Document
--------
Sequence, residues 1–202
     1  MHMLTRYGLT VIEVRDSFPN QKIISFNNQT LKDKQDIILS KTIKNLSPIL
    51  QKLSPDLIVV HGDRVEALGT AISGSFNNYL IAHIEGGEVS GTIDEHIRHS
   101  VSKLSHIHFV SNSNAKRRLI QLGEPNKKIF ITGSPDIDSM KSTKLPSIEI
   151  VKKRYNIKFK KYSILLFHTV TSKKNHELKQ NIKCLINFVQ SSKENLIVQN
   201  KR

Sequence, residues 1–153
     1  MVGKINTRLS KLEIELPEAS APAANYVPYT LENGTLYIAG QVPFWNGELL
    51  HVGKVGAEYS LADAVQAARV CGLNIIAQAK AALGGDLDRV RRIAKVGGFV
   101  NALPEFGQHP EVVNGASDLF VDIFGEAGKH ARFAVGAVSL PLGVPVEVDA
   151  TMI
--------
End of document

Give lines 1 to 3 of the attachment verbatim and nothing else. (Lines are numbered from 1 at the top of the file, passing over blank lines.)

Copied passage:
Sequence, residues 1–202
     1  MHMLTRYGLT VIEVRDSFPN QKIISFNNQT LKDKQDIILS KTIKNLSPIL
    51  QKLSPDLIVV HGDRVEALGT AISGSFNNYL IAHIEGGEVS GTIDEHIRHS